What are the EMist disinfectant sprayers?
The EMist sprayers are the most powerful, efficient and cost-effective disinfection sprayers on the market. The sprayers place an electrostatic charge to disinfectants as the chemical leaves the spray nozzle, which causes the chemical droplets to cling to virtually any surface.
Which disinfectants do you recommend?
The EMist electrostatic sprayers can apply any water-soluble chemical. We recommend the use of EPA-registered disinfectant products. A list of EPA registered products that have qualified for use against COVID-19 can be found here. We recommend EPA-approved organic, nontoxic, biodegradable and safe liquid disinfectants. You can find them by clicking here and then typing “hypochlorous” in the search box.
How does using an EMist sprayer save on labor costs as compared to “wipe-and-go” disinfecting method?
EMist is a better way to apply disinfectants. Using the system decreases the amount of labor and chemical by up to 50%. The system allows the chemistry to achieve proper contact time for maximum kill claims stated by the EPA registered chemical. The current “wipe-and-go” disinfecting method introduces human error with the potential of missing high/low touch surfaces, minimizing kill claims by chemicals with reduced, inconsistent contact times and introducing the potential for cross-contamination by touching every surface. It also has the potential to expose workers to surface pathogens due to touching surfaces.
Cordless vs. corded?
Just as is true in most industries, there are pros and cons between using a cordless or corded electrostatic sprayer. A corded electrostatic sprayer restricts mobility and keeps you tethered to a wall outlet and because there are electrical cords involved, they create a tripping hazard. As well, most corded electrostatic sprayers recommend the use of a GFCI (ground fault circuit interrupter) power outlet. On the other hand, a cordless electrostatic sprayer is not tethered to a wall outlet for power. That means you can take the electrostatic sprayer to where the work needs to be done rather than relying on wall outlets at the work site. Since the electrostatic sprayer has no cord, a cordless sprayer offers greater flexibility and portability. When spraying big projects, multi-story buildings, tight spaces, a cordless sprayer allows you to maneuver and move about freely without the hazard of tripping or tangling a cord. Portability is a clear advantage for any user that needs to move about frequently. Additionally, nearly every power tool on the market today comes with a lithium ion battery. These batteries are capable of holding a lot of power that doesn’t diminish over time if the sprayer is not in use. Corded electrostatic sprayers are no match to cordless electrostatic sprayers when it comes to maneuverability and convenience. EMist cordless electrostatic sprayers will last a long time before their power starts to diminish.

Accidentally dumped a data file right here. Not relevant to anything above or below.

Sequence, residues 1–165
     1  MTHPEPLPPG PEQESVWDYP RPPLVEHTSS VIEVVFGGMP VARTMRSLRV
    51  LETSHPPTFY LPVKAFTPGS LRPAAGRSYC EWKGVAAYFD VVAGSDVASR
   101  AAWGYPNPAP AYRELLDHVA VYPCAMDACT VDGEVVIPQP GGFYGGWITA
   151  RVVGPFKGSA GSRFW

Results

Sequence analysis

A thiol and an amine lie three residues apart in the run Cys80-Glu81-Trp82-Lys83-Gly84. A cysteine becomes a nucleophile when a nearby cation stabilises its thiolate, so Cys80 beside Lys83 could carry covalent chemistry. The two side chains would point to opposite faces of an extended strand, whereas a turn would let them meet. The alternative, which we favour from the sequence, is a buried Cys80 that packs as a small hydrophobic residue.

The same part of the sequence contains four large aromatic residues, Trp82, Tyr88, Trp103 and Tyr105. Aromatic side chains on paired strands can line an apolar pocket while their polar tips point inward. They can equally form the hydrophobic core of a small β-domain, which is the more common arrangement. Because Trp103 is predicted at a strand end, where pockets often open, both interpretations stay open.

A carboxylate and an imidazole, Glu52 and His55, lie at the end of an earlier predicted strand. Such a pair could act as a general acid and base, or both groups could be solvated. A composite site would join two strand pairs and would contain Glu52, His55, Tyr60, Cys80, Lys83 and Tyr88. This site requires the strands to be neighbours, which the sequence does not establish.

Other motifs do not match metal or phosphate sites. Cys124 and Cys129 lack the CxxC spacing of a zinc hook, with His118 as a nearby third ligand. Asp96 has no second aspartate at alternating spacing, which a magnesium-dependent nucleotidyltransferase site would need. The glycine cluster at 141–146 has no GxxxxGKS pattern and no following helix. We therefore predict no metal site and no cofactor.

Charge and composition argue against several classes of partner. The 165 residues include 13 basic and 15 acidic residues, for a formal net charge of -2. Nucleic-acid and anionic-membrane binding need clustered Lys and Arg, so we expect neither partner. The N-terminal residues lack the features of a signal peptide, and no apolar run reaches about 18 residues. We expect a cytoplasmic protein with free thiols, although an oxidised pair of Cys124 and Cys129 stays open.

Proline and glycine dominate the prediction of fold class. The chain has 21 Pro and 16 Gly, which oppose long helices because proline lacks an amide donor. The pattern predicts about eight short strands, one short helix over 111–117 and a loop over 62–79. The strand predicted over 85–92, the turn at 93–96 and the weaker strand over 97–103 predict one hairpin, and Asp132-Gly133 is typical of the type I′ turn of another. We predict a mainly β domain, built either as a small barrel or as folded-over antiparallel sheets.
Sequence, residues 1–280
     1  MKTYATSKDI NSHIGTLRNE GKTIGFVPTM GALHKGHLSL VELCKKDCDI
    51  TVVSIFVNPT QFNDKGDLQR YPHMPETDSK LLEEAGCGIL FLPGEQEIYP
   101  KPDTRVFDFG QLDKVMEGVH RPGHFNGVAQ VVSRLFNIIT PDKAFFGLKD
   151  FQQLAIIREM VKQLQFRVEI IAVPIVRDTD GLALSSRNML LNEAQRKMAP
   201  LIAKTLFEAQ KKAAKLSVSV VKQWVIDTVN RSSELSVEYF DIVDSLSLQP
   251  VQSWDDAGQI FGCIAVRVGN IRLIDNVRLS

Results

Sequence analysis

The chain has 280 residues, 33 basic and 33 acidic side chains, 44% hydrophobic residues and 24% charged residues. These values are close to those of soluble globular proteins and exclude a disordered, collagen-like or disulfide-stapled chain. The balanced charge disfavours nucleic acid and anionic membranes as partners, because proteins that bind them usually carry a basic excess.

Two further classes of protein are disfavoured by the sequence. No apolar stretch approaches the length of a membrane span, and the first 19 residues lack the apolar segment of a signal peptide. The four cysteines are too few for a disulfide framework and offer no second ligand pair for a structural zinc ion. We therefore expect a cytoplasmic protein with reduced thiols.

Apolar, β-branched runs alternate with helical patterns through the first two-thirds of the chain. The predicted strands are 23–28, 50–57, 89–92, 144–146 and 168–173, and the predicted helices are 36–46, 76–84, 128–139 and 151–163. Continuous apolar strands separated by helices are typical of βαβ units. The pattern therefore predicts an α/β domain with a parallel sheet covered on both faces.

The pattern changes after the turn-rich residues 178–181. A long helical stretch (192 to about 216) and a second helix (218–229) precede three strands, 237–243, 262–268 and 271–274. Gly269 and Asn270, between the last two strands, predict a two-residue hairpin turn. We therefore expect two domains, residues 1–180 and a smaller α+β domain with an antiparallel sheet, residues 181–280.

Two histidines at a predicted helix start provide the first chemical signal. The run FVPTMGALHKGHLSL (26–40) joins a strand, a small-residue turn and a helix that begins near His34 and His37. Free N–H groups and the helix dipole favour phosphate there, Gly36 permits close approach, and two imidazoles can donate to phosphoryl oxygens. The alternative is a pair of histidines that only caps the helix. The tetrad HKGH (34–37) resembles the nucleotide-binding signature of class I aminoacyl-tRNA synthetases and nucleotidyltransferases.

Are surfaces positive, negative or neutral?